Prepare to be scrutinised closely and be transparent about your business’ performance and potential. A truthful and optimistic presentation of your business can significantly enhance your credibility and attractiveness as an investment.

Do not wait for the exact moment you are ready to sell before starting to engage with private equity. It takes a long time to develop trust from both sides and to negotiate a mutually profitable deal. If this is your proposed exit strategy, you want to be building a positive business brand as early as possible to demonstrate longevity, customer satisfaction and industry expertise.

They might even end up approaching you first – and if they do, remember to still do your own due diligence to secure the best deal.

5. The art of navigation: negotiation

Once you have private equity interest, the art of negotiation determines the smoothness of your journey towards exit. This stage requires a keen understanding of your business’ value, the intricacies of deal structures, and the strategic foresight to align your interests with those of the investors.

The negotiation phase is not just about agreeing on a price, but also setting the terms that will govern your relationship post-deal. The following post-offer due diligence process will be meticulous. Ultimately, private equity want the deal to go through, so work with them closely and prepare thoroughly.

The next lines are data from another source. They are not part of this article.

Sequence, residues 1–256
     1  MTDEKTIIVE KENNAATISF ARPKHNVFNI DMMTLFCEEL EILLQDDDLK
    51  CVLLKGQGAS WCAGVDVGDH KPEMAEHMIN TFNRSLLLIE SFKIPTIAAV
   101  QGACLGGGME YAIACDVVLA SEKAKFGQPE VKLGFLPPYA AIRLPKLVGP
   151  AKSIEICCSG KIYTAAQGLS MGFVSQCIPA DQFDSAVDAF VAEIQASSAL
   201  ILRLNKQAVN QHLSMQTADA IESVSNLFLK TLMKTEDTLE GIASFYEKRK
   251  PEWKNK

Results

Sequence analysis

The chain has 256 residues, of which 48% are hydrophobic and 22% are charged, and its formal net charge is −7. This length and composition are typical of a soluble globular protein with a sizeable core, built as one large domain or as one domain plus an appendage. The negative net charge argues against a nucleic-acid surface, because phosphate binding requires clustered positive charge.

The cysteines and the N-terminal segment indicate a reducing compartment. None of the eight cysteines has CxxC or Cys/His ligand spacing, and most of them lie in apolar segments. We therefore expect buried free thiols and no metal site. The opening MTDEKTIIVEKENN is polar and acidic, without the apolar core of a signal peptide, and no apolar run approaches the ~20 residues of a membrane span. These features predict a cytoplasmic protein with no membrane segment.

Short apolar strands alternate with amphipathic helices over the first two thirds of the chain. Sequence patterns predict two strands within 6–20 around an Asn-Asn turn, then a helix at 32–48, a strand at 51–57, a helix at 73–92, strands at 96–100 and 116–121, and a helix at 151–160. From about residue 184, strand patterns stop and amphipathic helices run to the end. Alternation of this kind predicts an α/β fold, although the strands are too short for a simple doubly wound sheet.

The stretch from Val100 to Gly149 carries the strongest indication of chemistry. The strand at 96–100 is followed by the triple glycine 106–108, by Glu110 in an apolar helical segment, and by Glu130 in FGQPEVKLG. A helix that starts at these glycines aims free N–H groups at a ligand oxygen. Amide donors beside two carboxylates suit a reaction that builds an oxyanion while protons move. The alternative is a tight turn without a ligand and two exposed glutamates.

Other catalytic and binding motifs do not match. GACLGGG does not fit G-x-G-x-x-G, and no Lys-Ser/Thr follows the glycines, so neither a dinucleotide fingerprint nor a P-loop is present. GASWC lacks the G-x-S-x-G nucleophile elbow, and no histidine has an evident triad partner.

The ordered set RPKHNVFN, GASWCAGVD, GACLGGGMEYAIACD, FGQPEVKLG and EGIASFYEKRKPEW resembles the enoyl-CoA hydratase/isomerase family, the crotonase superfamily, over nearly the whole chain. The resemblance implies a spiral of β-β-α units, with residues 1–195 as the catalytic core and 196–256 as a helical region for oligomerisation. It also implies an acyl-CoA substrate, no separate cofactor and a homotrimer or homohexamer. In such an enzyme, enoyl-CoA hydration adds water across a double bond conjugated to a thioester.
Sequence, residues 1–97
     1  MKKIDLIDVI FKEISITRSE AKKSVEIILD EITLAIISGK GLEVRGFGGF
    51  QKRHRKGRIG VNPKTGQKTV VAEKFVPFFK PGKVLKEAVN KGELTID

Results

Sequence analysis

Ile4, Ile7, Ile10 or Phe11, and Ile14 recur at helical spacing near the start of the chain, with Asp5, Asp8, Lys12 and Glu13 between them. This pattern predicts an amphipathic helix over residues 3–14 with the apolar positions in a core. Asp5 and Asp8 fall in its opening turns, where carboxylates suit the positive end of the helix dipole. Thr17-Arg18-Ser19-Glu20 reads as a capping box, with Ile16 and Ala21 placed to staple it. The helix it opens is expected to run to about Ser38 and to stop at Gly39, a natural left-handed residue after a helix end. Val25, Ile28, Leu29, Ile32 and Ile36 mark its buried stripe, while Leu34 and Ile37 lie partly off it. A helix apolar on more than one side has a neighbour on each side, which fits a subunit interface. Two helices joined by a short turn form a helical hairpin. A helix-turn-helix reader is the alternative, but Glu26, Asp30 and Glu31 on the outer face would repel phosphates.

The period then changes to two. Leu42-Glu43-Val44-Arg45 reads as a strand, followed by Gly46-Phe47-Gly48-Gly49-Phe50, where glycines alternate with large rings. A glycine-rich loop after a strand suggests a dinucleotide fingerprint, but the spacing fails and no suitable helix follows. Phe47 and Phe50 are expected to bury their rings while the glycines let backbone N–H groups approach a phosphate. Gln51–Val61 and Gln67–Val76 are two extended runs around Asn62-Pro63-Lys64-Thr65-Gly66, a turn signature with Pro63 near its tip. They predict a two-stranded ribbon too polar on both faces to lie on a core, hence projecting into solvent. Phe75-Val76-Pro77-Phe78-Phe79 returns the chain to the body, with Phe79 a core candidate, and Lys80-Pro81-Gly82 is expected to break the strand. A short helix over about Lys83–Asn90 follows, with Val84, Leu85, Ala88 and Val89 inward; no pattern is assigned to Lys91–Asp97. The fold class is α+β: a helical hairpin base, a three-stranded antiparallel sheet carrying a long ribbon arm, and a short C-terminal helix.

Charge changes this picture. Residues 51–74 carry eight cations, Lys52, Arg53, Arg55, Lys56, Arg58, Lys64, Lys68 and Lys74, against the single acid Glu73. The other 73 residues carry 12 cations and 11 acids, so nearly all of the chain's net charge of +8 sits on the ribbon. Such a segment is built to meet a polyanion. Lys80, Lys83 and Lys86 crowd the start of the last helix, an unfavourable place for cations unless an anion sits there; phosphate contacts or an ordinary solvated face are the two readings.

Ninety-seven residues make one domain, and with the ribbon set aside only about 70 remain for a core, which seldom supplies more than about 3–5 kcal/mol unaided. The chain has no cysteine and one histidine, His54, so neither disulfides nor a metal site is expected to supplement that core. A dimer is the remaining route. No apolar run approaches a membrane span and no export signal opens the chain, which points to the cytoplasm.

6. Life after exit

Many entrepreneurs focus so intently on the exit that they neglect to plan for life afterward. Exiting is not the end of your journey but the beginning of a new chapter.

You could choose to retire, start a new venture, or engage in philanthropy. Whatever you decide, planning for life after exit is as crucial as the exit itself. Ensure you have a strategy to manage your newfound wealth and freedom, and consider your role in the business, if any, post-sale.

7. Emotional compass

Navigating towards an exit is not solely a financial or strategic effort; it is an emotional one as well. Selling a business you’ve built from the ground up can be emotionally taxing. Where you were once making the decisions, you are now giving up all or a large proportion of control to another party, and this is not an easy step for many founders.   

It’s important to acknowledge and manage these feelings as you approach the exit. Support from family, friends, and professional advisors can provide the emotional anchorage needed during this transformative time. Acknowledge these feelings and ground yourself in possibilities that await you post-exit.


Steering your ship towards a successful exit is a multifaceted process that requires more than just business acumen. It demands a deep understanding of your business’ current state, meticulous preparation, strategic engagement with private equity, skilled negotiation, and emotional intelligence. By preparing diligently and navigating wisely, you can maximise your chances of exiting successfully and spectacularly. The journey towards a successful exit, like any great voyage, is challenging but immensely rewarding.

Read more

Why every business owner should have an exit plan – Almost half of UK business owners admit to not having an exit plan. Yulia Barnes of Barnes Law explains why you should

Partial exits: a balancing act – If it’s done correctly, a partial exit can advance your company by introducing new people with different skills and experiences, all the while allowing you to enjoy some of the wealth you have generated

Employee Ownership Trust – another way for you to successfully exit – Why business owners planning to sell their enterprises should also consider Employee Ownership Trusts